News / Health

    Scientists Reaffirm Therapies' Effectiveness in Preventing Mother-to-Child HIV Transmission

    David Dyar

    According to the findings of two new studies, mother-to-child transmission of HIV during breastfeeding could be virtually eliminated through the timely use of anti-retroviral drugs.  

    The studies, one conducted in Botswana and the other in Malawi, compared the effectiveness of anti-retroviral drug regimens given to HIV-infected mothers to prevent the spread of the AIDS virus to their uninfected newborns.

    In the Botswana study, researchers wanted to see if one commonly-used drug cocktail was superior to another in preventing mother-to-infant HIV transmission in 560 infected women.

    "And what we found is that when we started any of the regimens during pregnancy, during the third trimester of pregnancy, and continued them through six months of breast feeding, we had extremely low rates of mother-to-child transmission (of HIV)," said the author of the study, Roger Shapiro with Harvard University's School of Public Health in Boston.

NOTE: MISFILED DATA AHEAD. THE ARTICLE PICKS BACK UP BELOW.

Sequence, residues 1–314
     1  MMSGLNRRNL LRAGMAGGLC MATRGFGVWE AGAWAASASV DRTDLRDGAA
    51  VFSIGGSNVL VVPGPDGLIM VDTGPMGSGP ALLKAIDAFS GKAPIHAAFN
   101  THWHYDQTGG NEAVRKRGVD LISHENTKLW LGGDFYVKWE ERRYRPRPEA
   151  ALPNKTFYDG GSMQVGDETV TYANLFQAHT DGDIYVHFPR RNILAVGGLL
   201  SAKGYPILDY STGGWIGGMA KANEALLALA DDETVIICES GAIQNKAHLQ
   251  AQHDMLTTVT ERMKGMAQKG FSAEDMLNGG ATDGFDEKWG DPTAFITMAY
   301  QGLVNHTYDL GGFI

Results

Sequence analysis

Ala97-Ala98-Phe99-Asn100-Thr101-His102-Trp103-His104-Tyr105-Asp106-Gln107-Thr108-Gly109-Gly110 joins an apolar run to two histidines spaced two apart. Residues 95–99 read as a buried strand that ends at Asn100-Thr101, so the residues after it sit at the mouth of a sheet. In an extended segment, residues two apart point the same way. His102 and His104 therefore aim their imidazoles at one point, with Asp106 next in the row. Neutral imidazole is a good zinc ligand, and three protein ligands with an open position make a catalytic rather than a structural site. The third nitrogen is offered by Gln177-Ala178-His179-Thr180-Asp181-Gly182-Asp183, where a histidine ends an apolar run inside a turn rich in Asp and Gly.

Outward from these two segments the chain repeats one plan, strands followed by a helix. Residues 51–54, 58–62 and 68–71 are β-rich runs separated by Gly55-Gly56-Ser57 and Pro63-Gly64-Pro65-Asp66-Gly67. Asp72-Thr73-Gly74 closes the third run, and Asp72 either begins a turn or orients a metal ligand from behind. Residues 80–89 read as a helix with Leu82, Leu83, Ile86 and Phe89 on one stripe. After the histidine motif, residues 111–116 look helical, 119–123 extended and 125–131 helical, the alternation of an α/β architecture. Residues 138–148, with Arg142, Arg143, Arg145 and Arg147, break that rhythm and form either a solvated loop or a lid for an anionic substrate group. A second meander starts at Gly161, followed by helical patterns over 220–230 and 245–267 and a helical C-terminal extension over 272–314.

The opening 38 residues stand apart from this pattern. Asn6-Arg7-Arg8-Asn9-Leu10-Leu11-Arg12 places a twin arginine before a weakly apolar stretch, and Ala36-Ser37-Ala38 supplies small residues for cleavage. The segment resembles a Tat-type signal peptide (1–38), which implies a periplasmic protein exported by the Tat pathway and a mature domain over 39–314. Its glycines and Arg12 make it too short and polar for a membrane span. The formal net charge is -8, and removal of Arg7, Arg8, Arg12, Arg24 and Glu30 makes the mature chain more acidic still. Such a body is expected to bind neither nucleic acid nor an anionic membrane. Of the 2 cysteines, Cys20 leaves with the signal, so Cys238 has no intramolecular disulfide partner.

Shapiro and colleagues found that with no drug protection, there's a 40 percent chance that an infected, breastfeeding mother will transmit the AIDS virus to her baby.  With the drugs, the overall infection rate fell to 1.1 percent.

    An international team led by Charles van der Horst of the University of North Carolina School of Medicine looked to see which treatment regimen gave newborns better protection - suppressing their mothers' HIV infections by giving the women the anti-retroviral drugs while pregnant or administering a drug syrup called nevirapine directly to the babies.

    Based on a study of more than 2,300 breastfeeding women in Malawi, researchers say both strategies were very effective in shielding newborns from infection.

    Research leader van der Horst says the study also found that treating newborns directly with the sweet syrup may turn out to be the better strategy. He also says only two percent of infants in the study became infected with HIV through their mothers' breast milk.